Changes may be in store for the way North Dakota’s colleges and universities get paid for their completed credit hours, but those changes mean different things for different campuses.
First approved during the 2013 legislative session and similar to the K-12 formula, the higher education funding formula pays colleges and universities based on the number of credit hours each campus completes, rather than on a per-student basis.
The funding formula as a whole offers predictability for campuses, said Jed Shivers, vice president for finance and operations at the University of North Dakota.
“You know what's going to happen,” he said. “If you produce more credits, you eventually get more money. You produce fewer credits, and, eventually, you’ll get less money.”
While rather complex in nature, the funding formula includes a couple of variables:
The number of credits produced and completed by an institution.
The type of course and its relative cost to provide, or its weighting. For example, an English or history course, which is typically cheaper for an institution to provide, would be weighted at a lower rate than an engineering course.
Generally, the campuses with fewer students receive more dollars per credit hour completed than larger institutions, such as UND and North Dakota State, which complete a larger amount of credits but at a lesser dollar amount, said Tammy Dolan, chief financial officer for the North Dakota University System.
While the funding formula has been performing well for campuses, a couple of flaws have been identified. So, legislators, in particular state Rep. Mark Sanford, R-Grand Forks, and higher ed leaders in North Dakota spent part of the interim session studying ways to improve the formula. The result was Senate Bill 2031.
“The formula was in pretty good shape, kind of like a pencil, and the interim committee sharpened that pencil,” said Peter Johnson, director of government relations and public affairs at UND’s alumni foundation.
The major changes include giving a greater weight to career and technical education courses, also known as CTE courses, including computer science courses. It also fixes a flaw that caused at least one institution to see fewer dollars coming in, despite producing more credits.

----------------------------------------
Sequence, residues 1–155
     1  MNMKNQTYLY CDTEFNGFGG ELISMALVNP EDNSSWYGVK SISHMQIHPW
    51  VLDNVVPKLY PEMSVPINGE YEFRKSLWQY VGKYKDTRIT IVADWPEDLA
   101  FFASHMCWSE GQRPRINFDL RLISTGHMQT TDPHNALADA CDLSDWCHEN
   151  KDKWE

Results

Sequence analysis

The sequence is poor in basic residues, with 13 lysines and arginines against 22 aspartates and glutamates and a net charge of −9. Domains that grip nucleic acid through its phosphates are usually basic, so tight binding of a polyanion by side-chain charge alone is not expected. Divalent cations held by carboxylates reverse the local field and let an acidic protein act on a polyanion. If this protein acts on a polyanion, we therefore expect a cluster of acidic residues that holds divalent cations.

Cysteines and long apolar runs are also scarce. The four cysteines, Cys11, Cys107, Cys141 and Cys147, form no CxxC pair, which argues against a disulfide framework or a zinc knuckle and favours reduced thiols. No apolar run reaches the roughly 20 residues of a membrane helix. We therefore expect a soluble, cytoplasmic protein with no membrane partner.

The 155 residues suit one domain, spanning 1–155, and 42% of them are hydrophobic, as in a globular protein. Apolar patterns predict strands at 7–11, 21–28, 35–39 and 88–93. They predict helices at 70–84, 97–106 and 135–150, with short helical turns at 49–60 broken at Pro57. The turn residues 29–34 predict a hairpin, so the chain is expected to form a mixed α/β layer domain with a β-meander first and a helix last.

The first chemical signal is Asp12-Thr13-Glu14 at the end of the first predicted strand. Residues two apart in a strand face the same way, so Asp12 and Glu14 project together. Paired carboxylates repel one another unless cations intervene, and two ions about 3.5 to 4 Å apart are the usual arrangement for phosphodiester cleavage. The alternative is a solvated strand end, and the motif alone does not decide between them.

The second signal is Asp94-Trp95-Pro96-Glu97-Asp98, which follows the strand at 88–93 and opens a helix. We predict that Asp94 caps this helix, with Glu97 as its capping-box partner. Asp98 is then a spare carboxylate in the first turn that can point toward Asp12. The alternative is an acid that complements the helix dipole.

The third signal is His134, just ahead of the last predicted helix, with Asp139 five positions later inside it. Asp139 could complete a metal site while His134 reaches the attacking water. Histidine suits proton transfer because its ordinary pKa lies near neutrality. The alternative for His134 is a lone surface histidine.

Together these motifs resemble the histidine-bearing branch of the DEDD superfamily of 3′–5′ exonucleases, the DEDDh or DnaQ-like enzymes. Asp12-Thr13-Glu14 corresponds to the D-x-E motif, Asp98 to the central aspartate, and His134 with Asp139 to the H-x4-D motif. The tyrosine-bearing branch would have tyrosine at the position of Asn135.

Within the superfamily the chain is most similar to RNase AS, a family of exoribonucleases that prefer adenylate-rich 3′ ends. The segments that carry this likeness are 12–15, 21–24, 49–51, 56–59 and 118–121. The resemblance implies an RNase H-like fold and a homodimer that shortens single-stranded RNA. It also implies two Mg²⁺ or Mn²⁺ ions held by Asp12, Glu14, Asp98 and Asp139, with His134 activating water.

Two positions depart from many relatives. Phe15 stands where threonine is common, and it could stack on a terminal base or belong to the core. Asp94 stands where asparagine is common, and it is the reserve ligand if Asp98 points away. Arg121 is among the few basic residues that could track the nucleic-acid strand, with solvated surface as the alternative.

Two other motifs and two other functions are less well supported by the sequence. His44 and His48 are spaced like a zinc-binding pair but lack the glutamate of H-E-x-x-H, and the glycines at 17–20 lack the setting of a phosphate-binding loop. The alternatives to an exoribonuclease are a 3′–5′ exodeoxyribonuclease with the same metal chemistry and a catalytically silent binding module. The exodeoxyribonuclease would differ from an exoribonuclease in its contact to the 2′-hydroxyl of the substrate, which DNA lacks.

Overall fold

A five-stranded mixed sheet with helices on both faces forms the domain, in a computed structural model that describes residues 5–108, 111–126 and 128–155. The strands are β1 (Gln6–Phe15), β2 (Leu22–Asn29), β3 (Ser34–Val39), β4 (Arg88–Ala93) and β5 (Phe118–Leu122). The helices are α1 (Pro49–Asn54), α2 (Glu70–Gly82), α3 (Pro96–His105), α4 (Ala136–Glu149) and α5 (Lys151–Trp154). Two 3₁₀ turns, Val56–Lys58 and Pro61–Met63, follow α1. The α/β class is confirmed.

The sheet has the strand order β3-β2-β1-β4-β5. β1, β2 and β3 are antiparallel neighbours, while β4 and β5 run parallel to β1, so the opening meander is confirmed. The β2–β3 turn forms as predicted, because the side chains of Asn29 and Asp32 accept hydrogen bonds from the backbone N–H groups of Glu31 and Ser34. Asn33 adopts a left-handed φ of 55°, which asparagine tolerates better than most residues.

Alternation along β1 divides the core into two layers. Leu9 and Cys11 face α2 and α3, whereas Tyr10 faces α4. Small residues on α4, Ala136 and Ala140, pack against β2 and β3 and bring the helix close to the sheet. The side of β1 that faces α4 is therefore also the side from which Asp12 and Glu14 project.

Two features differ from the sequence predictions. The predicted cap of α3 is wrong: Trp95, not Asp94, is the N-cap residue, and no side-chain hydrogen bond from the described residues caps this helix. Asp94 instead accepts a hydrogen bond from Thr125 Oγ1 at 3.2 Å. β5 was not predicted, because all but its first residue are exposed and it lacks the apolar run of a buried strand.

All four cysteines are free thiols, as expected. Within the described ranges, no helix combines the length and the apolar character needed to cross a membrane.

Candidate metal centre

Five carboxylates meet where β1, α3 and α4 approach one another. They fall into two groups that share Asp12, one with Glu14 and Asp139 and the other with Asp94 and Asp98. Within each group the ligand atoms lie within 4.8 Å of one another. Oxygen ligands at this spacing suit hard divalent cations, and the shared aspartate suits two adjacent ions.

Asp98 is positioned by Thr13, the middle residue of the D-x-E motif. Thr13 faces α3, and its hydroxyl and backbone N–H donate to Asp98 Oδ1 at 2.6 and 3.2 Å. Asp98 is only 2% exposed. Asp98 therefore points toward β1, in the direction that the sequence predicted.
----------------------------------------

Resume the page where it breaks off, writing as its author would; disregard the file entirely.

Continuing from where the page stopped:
“The changes that were made really do help where everybody needs help,” Dolan said.
Overall, the changes, without taking into account any potential cuts to the system, would give institutions an extra combined $15.4 million.
Changes for campuses
What do the changes mean for campuses? It depends.
According to information presented during a recent legislative hearing on the changes, UND would see another $2.2 million in the next biennium.
While the changes being made for CTE courses likely won’t have a major impact on UND, changes to the weighting of computer science-related courses may, according to Shivers.
Dolan noted that, in 2013, computer science courses were a part of the core disciplines — English, social studies and history — meaning they were seen, at the time, as one of the the least expensive courses to produce. But a lot has changed since then: There is a continued focus and expansion on those courses, resulting in more expensive, Dolan said.
“Every institution puts on the computer science courses, so everybody, to some extent, will be getting more money for those courses,” she said.
For smaller institutions that provide a greater number of CTE courses, such as Bismarck State and North Dakota State College of Science, the change to the funding formula also means more dollars.
“Many of these programs are in high demand by the private sector to prepare the individuals that are needed to advance the economy here in North Dakota,” Bismarck State President Doug Jensen said.
Under the changes, BSC would get around $3.7 million, not including any state proposed cuts.
BSC is moving forward as North Dakota’s only polytechnic school, a move supported and approved by the State Board of Higher Education, which means a greater focus on hands-on and applied learning opportunities for students, while also pairing in the “soft skill sets” in the humanities.